The European Central Bank will hold its first policy meeting of the year Thursday in Frankfurt amid a surge in the euro and one of the strongest recoveries in a decade, but investors may not get the hawkish signal on interest rates they're looking for as inflation continues to stagnate in the world's biggest economic bloc.
Nearly three years after announcing the start of the Bank's controversial quantitative easing, which has hoovered up more than €2.55 trillion ($3.16 trillion) in government, agency and corporate bonds, ECB President Mario Draghi has come under increasing pressure from lawmakers and investors alike to signal an end-date for the program as the so-called Euroboom lifts growth in the region to its fastest pace since 2006.
However, a surging euro, which touched a fresh three-year high against the dollar only this morning, could complicate Draghi's single ambition of delivering an inflation rate of "just below 2%" even as energy prices climb and labour unions around the region negotiate higher wages.
The euro has gained some 7% against the dollar since Draghi told investors on Oct. 26 that the ECB would would halve the pace of its QE purchases to €30 billion a month and create a 'soft' deadline extension to September of this year. The move led to market speculation that the Bank may be preparing to end not only its QE program but also its suite of liquidity and support measures, including a negative rate on is deposit facility and its near-zero charge for overnight lending.
However, while the region's economy has been booming of late -- data from IHS Markit Wednesday showed economic activity in the bloc sped to the fastest pace in 12 years, with "price pressures are meanwhile running at their highest for almost seven years, accelerating further at the start of 2018," according to chief economist Chris Williamson.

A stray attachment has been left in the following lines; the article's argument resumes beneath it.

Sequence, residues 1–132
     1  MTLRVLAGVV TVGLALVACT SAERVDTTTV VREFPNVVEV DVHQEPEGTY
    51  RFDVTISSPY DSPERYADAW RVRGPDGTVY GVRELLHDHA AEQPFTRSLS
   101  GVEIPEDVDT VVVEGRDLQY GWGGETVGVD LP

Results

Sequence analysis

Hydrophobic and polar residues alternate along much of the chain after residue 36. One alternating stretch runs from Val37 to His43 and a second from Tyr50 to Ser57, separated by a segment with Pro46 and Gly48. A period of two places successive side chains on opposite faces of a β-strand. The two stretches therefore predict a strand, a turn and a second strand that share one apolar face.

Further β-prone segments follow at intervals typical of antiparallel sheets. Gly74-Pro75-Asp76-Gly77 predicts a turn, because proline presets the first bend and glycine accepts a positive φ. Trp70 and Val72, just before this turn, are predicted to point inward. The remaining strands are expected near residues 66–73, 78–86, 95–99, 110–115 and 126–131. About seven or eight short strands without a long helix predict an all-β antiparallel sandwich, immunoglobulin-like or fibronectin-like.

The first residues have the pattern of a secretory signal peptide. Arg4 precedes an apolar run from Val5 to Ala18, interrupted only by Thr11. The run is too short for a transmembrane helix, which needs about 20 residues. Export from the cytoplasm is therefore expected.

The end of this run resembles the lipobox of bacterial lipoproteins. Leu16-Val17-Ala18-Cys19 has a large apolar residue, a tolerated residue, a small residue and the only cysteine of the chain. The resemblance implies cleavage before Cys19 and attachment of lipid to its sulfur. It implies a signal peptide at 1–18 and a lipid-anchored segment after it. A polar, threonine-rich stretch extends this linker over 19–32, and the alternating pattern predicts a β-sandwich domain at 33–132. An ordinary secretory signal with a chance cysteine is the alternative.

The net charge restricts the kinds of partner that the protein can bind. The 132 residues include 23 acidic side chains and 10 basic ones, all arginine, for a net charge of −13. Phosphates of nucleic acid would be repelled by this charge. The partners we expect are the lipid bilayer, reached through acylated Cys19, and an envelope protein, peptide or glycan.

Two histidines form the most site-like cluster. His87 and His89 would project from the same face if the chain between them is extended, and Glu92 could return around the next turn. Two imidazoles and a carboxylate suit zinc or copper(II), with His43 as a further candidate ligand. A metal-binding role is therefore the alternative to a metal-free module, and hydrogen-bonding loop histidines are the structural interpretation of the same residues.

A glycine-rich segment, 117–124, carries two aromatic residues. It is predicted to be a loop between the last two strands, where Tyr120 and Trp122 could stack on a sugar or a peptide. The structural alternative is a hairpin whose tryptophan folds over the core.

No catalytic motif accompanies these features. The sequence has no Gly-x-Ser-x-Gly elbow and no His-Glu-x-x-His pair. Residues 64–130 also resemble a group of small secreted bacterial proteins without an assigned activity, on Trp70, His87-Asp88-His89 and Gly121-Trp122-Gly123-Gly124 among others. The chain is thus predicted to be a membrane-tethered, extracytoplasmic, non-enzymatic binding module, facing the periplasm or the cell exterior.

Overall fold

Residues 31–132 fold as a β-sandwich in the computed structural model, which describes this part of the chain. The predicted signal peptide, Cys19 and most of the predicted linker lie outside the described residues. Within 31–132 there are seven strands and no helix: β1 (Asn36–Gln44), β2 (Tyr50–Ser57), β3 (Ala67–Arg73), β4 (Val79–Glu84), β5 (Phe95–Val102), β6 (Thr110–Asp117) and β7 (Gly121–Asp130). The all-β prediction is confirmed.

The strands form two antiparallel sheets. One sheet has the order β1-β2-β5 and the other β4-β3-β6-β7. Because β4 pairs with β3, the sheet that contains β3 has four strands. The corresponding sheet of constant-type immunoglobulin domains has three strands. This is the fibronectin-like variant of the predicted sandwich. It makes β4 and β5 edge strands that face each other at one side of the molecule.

"Higher oil prices have pushed up costs, but pricing power more generally has improved as demand outstrips supply for many goods, leading to a sellers' market," he added. "With such a strong start to the year, expect to see forecasters mark up their expectations of eurozone growth and inflation in 2018, and for policymakers to sound more hawkish."
But will they?
Eurostat, the region's official statistics agency, said earlier this month that Eurozone inflation slowed to 1.4% in December, well below the Bank's 'just below 2%' target and down from 1.5% in November. The ECB's own projections, meanwhile, don't forecast a return to target until at least 2020.
The euro's strength, meanwhile, acts as a blunting tool for headline inflationary pressures, particularly in energy markets, as European firms import dollar-denominated crude oil from international producers. Brent crude prices hit a fresh 2014 high of $71.05 Thursday, taking its two-month gain to around 11.75% in dollar terms - but only 7.5% when translated into euros.
Against that backdrop, and the myriad trade and policy statements coming from U.S. officials at the World Economic Forum in Davos, Draghi may prefer to wait until March, when he and his colleagues will be armed with fresh growth and inflation forecasts, before articulating major changes to the Bank's signature policy.